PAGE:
There was a period when Anna Nolan used to deny she was ever a contestant in Big Brother.
Nolan was the Irish ex-trainee nun who came second to Craig Phillips in the first ever Big Brother in 2000.
She admits she "lost interest" in the programme in its middle years. But as Channel 4 launches the 11th and final series of its flagship reality TV show this week, Nolan will be glued to the screen for the next 13 weeks.
"Big Brother stills rears its head and that's okay," says Nolan, who made the move into television presenting soon after her stint in the house. "I don't have a problem with it."
Although she's now associated with other TV shows in Ireland, and writes a regular newspaper column, Nolan says most people still ask: "Are you Anna from Big Brother?"
"I used to say no a few years ago, but then I though oh why deny that part of me? Now I proudly say yes."
Having been a pioneering BB housemate and now someone who works in broadcasting, Nolan brings a fairly unique perspective. So how significant does she think the programme been for British television?
Nolan doesn't hesitate. "I think it's been massive. It was the beginning of a whole new genre. It took audience participation to a whole new level. It gave power to the public."
'Back of beyond'
The first series of Big Brother launched on 18 July 2000 and ran for 64 days. "Nasty" Nick Bateman, Melanie Hill, Tom McDermott and Caroline O'Shea were among that first intake into the Big Brother house in Bow, east London.
"It was a prefab building. At one stage it was so cold they had to bring in heaters and there was an infestation of ants," recalls Nolan.
"It was in the back of beyond, there were perimeter fences like some kind of state penitentiary in America."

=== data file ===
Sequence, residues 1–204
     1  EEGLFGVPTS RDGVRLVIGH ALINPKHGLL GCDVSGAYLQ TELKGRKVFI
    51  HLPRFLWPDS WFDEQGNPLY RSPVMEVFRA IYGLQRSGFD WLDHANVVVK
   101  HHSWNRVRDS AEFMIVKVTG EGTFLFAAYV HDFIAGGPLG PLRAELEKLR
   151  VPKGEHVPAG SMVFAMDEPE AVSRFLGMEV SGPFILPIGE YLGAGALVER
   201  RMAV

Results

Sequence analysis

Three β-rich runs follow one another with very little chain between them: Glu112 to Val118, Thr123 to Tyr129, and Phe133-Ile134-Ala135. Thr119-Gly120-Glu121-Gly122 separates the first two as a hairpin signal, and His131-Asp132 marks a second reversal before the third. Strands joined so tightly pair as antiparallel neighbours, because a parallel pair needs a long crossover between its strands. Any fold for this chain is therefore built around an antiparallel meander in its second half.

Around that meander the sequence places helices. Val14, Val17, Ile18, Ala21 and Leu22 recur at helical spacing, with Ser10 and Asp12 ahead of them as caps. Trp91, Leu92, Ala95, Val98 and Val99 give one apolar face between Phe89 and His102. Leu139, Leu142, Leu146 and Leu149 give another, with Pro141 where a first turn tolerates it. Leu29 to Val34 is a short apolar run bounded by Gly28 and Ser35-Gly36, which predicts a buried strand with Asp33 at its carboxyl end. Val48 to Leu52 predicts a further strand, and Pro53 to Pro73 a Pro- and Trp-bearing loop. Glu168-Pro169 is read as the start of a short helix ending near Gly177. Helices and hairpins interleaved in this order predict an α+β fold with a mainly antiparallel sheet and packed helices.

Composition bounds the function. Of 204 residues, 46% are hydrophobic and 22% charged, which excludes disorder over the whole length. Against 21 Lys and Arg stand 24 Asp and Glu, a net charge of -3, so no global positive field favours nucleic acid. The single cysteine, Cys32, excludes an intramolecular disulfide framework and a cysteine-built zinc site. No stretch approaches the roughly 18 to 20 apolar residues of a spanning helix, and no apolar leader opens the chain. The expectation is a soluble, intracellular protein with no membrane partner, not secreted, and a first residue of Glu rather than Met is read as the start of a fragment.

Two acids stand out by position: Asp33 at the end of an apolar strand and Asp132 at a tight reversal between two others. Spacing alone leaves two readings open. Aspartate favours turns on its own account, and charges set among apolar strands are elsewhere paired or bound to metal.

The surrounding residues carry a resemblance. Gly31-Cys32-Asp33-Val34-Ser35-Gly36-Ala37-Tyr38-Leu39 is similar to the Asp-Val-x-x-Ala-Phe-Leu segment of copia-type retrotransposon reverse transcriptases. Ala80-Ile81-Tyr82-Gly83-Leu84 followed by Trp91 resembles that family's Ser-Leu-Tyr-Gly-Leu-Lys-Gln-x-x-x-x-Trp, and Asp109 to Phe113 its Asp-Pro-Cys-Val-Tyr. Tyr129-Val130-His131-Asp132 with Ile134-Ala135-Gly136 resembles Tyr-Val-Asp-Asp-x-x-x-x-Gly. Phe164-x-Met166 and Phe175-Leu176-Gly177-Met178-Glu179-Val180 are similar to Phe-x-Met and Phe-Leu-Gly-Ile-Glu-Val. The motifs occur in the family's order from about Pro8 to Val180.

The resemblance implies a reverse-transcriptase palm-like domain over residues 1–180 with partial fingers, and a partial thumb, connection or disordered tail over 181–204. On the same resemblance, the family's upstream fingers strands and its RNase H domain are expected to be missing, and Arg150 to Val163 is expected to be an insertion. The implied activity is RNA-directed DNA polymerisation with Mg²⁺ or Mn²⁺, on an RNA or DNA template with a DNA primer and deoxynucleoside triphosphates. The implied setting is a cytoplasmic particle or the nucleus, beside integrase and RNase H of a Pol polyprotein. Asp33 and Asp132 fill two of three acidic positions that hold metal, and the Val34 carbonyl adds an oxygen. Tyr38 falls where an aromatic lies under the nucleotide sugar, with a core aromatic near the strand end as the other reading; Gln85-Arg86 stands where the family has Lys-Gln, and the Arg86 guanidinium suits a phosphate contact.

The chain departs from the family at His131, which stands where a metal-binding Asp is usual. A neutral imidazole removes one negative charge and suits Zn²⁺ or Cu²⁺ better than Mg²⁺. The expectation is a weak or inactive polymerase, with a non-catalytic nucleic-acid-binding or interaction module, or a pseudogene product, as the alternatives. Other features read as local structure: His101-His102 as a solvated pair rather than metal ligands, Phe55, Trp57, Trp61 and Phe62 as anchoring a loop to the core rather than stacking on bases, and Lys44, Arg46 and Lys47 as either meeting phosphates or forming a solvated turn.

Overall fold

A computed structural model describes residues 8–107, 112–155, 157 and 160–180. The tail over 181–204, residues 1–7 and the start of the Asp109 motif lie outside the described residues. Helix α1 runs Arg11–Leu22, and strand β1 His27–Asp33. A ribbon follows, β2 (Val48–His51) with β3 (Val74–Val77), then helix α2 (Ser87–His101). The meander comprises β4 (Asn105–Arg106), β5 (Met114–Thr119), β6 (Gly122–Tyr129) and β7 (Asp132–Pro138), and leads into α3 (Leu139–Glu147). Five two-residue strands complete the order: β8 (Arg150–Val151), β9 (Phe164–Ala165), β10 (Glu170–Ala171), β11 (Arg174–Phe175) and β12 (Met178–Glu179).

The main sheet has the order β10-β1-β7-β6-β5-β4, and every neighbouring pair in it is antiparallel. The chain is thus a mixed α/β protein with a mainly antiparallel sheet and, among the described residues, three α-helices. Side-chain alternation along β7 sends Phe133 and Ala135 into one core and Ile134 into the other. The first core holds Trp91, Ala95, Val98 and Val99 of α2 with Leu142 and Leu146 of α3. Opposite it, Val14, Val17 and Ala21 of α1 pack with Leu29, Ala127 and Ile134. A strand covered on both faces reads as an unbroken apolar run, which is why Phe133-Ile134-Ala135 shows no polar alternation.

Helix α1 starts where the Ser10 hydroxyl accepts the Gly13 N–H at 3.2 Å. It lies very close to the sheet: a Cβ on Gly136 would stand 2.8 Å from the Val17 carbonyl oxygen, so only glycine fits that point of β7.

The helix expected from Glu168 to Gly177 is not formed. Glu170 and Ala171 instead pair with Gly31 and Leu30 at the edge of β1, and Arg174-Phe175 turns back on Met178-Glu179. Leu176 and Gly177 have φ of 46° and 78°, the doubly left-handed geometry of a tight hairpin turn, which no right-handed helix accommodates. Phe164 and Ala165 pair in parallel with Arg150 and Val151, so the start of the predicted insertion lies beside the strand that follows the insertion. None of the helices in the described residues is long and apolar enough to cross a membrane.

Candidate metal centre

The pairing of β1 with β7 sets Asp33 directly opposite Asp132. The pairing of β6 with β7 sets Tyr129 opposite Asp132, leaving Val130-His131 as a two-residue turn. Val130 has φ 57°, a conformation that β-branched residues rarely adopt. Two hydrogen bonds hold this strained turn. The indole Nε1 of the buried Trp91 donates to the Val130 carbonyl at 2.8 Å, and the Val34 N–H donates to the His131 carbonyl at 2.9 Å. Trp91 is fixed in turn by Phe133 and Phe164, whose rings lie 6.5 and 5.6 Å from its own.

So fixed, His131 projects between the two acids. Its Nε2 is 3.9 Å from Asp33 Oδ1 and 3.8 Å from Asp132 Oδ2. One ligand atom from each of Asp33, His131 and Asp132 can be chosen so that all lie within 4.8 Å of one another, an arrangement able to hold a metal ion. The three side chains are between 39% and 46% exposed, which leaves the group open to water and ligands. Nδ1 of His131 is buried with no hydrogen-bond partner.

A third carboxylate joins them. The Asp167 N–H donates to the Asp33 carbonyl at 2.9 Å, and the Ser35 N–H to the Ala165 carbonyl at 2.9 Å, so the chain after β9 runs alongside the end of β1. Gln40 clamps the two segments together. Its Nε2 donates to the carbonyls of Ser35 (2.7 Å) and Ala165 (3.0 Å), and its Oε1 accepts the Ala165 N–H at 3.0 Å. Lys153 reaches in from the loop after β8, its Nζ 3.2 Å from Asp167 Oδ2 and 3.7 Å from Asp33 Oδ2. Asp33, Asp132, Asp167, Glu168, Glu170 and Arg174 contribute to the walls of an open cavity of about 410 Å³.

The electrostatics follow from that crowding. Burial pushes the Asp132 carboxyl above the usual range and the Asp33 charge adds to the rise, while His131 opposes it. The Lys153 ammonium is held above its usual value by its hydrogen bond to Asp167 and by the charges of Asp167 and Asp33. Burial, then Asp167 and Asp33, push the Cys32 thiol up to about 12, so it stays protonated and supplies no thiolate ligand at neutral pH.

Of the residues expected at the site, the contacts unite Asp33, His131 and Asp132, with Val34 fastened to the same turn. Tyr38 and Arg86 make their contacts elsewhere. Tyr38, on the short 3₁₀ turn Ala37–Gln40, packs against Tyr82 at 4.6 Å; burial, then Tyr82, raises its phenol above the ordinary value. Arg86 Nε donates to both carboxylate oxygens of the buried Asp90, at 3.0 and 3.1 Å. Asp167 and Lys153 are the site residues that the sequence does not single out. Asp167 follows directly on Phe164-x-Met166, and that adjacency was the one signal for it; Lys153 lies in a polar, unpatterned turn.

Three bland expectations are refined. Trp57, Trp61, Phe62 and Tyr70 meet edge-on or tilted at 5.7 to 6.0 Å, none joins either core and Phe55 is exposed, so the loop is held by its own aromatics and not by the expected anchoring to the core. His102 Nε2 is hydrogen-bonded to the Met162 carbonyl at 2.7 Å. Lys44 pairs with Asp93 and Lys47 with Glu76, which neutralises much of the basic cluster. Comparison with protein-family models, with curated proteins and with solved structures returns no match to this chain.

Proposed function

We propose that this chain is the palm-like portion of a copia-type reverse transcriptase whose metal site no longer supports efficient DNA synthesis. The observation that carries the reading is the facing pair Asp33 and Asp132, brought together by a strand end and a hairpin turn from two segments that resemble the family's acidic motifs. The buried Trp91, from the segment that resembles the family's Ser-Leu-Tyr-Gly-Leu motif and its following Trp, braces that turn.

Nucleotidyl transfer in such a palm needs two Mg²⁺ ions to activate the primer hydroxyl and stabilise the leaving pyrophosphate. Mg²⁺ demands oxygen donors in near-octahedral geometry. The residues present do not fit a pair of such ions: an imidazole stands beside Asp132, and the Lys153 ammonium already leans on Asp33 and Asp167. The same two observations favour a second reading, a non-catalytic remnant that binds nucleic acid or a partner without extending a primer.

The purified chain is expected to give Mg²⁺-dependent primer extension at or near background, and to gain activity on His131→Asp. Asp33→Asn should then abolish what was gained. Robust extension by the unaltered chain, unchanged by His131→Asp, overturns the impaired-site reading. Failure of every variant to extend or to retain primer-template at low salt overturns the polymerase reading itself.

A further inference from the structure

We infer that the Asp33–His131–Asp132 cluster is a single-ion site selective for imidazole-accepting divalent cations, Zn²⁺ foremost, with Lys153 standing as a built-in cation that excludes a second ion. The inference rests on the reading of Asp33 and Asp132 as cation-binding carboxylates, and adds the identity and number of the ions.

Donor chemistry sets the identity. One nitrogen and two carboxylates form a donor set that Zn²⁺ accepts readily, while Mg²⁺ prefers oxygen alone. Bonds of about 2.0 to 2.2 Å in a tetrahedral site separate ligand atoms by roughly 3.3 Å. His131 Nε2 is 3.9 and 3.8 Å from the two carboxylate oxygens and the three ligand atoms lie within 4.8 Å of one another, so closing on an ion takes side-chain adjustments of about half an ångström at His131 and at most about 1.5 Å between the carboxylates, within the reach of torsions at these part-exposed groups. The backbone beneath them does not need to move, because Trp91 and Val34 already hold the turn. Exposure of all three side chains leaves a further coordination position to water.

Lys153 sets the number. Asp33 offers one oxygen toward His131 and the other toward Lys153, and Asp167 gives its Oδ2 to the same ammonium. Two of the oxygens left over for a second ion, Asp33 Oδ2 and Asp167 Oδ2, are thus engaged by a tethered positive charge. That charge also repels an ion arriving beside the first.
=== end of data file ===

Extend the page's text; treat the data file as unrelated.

In those early days Big Brother was billed as an experiment in psychology and sociology.
But Nolan notes how the show changed over the years to appeal to a largely "tabloid audience".
"Every year the programme had to up the bar, making it a bit nastier, more manipulative, maybe a bit more aggressive, just bringing in different extremes every year.
"As a result of that many people have been turned off by it because it wasn't that social experiment it set out to to be."
Nolan believes the show becomes more interesting at the half-way mark when the number of housemates has thinned out.
"Before that it's just a big loud bubble bath of crazy people," she says.
"People think our year was different and there was a naivety and we were nice people - but we were exactly the same as all the others.
"In our year there were people like Nicola, Caroline and Darren who were big performers. Nicola brought out a single afterwards, Nasty Nick brought out a book, Darren and Mel wanted to get into television.
"So quite a few of the people who joined in the first year were clued enough to know this could work for them."
But did Nolan enjoy her time in the house?
"There were moments when I wanted to leave due to boredom, or people irritating me, or missing people at home. Did I enjoy it? It wasn't about enjoying it, it was about getting through it."
Nolan was part of that famous showdown when Craig Phillips challenged Nasty Nick over his attempts to influence the eviction nominations.
It became a piece of reality TV history.
"We didn't have a clue it was having such an impact on the outside world," says Nolan.
"We were just irritated and annoyed by it, but we didn't know that anybody would be tuning in to watch it really. It was just something small in our world that we wanted to deal with."
For someone who did not go into the house with a media career in mind, there is a certain irony that Nolan is now a well-known TV face in Ireland.
She is about to work as a producer on an RTE reality show Mission Beach which follows eight teenagers learning to be lifeguards in San Diego.
I ask how Big Brother has changed her. "Big Brother made me focus on where I wanted to go in life. I'd been a drifter for 30 years," she says.
She describes the end of the show on C4 as a good decision.
"I think the uber-fans will miss it, but I think Big Brother was of a time and that was the Noughties - and it's right that it should be put to bed. I'm going to watch all of it. I'm interested to see what their slant will be this year.
"Won't it be interesting if Big Brother is not about manipulation, but about love? But would the public love that?"
Big Brother begins on Channel 4 on Wednesday at 2100 BST.